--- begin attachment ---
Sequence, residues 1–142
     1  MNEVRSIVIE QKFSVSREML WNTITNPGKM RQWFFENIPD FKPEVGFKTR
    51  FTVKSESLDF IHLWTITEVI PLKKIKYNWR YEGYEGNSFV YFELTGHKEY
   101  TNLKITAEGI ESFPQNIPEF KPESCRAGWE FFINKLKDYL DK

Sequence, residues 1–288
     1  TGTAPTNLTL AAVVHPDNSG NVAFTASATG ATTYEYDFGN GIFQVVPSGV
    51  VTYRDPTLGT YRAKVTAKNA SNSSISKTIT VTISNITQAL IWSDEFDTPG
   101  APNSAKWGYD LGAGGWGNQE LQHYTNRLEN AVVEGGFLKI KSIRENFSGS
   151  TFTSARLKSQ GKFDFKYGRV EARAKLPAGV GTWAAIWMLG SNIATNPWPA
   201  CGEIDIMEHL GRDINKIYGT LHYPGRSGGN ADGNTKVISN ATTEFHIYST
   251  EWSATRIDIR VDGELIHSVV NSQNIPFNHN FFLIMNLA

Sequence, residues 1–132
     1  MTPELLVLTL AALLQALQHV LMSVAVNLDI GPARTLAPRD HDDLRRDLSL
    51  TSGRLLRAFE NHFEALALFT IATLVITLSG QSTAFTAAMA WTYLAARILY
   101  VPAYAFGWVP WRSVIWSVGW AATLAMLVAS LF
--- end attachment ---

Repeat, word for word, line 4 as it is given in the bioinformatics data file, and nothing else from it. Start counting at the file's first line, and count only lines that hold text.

   101  TNLKITAEGI ESFPQNIPEF KPESCRAGWE FFINKLKDYL DK